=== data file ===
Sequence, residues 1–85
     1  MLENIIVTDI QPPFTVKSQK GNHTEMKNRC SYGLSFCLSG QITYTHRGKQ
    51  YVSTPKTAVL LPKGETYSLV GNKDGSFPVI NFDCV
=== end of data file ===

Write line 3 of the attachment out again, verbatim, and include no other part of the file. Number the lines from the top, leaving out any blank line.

    51  YVSTPKTAVL LPKGETYSLV GNKDGSFPVI NFDCV